Use this URL to cite or link to this record in EThOS: http://ethos.bl.uk/OrderDetails.do?uin=uk.bl.ethos.571236
Title: Studies into the cognitive and neural basis of congenital amusia
Author: Omigie, D.
ISNI:       0000 0004 0015 7809
Awarding Body: Goldsmiths College (University of London)
Current Institution: Goldsmiths College (University of London)
Date of Award: 2012
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Abstract:
The majority of humans develop a facility with music effortlessly and in the absence of explicit training. However some individuals show a distinct lack of musical ability despite seeming to have otherwise normal cognitive functioning. Based on initial studies into congenital amusia, poor pitch discrimination ability and poor pitch memory have been ascribed a central role in the condition. However, the extent to which these play a causal role in the more global difficulties associated with the disorder remains unclear. Furthermore, with the disorder increasingly being conceived of as one of awareness rather than perception, an integrated account of the disorder in which the relative importance of observed impairments are clearly delineated is becoming essential. Critically, such an account would describe congenital amusia in those terms that are commonly used to account for how musical listening ability typically develops. Further, it would be based on the results of investigations using ecologically valid stimuli and methods. In a series of four experiments, this thesis seeks to contribute towards such an account. Firstly, using behavioural methods, the state of statistical learning processes known to be necessary for the internalisation of musical regularities in typical individuals is examined. Secondly, the thesis examines the state of musical anticipatory mechanisms, a corollary of such learning, which has been shown to play a critical role in the ability to recognize and discriminate melodies. Next, using electroencephalography recordings, the neural basis of abnormal melodic pitch processing in congenital amusia is studied, while in the final chapter, a social science technique is used to investigate the extent to which amusics show normal appreciation of music in everyday life. By combining findings from current and previous studies, this thesis will contribute towards a comprehensive description of congenital amusia based on findings from a number of different levels of inquiry.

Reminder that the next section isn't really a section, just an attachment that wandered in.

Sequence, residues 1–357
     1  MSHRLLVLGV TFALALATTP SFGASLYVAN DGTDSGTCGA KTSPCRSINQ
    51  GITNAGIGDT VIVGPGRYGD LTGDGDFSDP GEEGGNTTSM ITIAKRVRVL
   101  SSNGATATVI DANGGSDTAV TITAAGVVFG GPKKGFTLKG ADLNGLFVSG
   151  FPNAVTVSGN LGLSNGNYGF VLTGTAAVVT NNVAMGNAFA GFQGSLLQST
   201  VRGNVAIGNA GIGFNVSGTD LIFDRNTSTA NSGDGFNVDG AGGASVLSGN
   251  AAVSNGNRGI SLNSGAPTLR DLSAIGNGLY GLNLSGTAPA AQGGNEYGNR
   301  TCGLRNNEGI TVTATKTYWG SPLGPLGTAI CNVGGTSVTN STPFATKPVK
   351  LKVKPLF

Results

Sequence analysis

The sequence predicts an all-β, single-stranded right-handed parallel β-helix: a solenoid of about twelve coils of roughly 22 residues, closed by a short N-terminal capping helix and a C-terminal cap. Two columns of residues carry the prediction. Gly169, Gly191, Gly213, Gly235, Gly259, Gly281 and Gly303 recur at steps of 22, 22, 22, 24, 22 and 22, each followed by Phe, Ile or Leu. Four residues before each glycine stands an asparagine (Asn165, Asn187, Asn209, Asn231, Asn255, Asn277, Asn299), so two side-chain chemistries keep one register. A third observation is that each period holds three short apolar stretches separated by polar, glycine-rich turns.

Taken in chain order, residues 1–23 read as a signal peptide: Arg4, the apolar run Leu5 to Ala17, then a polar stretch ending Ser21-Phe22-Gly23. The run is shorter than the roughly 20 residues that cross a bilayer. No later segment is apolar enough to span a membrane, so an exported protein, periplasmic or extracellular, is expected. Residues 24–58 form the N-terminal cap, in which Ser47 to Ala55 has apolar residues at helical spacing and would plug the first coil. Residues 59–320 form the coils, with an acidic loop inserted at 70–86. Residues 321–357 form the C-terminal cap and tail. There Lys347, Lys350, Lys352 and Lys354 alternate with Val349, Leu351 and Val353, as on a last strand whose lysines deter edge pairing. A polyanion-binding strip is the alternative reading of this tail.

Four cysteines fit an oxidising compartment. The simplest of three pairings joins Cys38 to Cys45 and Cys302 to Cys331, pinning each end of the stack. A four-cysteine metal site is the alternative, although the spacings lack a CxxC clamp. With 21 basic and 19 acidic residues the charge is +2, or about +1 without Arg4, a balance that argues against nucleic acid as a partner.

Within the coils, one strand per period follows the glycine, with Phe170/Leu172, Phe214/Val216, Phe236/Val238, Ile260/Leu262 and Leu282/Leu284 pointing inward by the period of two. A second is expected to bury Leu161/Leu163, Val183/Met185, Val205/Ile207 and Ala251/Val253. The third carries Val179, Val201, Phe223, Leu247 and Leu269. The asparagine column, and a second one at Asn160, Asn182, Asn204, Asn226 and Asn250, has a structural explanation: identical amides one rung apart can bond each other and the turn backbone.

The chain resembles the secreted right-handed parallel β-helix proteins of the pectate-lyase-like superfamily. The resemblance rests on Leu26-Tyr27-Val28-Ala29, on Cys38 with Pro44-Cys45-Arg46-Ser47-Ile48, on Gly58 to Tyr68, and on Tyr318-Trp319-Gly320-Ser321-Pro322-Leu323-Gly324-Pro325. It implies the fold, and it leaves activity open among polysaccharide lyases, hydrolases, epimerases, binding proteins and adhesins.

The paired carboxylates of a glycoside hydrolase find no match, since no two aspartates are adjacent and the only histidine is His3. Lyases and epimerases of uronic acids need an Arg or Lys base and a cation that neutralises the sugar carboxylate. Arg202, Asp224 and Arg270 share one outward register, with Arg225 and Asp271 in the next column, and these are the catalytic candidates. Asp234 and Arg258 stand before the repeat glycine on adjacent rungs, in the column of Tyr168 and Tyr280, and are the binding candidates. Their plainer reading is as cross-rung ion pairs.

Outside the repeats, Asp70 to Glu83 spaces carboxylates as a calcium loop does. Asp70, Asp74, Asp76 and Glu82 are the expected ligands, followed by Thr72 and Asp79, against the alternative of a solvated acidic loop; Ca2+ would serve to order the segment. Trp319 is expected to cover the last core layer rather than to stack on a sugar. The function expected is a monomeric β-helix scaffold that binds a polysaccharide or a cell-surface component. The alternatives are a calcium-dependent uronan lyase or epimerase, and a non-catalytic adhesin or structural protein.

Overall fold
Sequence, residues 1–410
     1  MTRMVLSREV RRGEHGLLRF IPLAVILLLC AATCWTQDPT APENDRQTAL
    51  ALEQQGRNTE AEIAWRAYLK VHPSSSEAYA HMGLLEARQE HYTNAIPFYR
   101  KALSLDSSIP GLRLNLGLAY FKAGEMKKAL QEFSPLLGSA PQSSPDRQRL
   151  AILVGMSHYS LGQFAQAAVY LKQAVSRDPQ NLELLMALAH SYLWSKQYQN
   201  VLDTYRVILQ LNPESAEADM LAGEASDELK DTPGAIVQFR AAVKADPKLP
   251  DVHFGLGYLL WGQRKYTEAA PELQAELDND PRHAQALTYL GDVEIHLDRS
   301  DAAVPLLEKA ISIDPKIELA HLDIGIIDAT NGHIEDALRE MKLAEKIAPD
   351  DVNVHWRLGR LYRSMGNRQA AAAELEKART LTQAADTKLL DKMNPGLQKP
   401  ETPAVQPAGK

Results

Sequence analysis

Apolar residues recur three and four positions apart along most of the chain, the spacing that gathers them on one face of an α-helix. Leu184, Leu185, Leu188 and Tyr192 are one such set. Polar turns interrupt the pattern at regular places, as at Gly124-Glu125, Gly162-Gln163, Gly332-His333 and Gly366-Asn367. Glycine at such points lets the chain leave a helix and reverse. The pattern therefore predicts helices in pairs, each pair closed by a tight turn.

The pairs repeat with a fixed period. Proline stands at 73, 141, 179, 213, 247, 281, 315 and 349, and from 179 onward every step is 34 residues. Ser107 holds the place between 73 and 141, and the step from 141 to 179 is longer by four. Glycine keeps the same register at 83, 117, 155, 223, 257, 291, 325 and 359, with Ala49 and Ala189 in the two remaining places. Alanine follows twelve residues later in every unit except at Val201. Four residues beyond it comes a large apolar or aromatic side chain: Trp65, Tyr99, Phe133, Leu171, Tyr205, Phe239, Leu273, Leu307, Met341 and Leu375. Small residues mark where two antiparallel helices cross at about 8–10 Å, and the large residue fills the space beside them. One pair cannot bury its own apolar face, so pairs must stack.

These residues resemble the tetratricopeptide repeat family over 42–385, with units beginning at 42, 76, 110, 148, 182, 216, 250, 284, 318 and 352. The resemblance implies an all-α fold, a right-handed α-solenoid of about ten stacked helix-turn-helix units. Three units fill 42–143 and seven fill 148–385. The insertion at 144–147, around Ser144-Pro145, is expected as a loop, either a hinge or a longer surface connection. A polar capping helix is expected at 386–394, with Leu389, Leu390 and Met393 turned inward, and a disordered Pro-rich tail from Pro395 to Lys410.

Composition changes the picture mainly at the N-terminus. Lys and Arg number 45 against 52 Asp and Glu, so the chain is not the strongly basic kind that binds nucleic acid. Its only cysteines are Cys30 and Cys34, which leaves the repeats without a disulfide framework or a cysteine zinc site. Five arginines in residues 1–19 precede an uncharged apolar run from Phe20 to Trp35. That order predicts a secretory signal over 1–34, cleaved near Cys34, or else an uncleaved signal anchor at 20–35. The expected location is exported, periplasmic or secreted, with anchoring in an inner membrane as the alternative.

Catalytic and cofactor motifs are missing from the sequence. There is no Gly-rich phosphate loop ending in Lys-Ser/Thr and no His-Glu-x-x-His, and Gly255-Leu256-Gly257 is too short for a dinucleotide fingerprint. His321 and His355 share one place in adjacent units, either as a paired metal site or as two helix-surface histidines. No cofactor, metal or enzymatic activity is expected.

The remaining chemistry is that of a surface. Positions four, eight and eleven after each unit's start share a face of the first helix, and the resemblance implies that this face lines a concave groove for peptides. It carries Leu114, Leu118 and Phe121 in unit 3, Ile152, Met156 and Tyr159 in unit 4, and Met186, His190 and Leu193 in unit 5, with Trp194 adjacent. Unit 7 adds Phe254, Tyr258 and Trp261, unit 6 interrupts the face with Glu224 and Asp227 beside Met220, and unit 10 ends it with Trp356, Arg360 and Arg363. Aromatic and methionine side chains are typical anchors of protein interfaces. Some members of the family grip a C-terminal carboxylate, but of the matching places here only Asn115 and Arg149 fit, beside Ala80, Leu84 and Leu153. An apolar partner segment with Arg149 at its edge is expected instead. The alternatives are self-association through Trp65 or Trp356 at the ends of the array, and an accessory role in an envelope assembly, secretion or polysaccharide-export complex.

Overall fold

Supervisor: Not available Sponsor: Not available
Qualification Name: Thesis (Ph.D.) Qualification Level: Doctoral
EThOS ID: uk.bl.ethos.571236  DOI: Not available
Keywords: Cognitive Psychology
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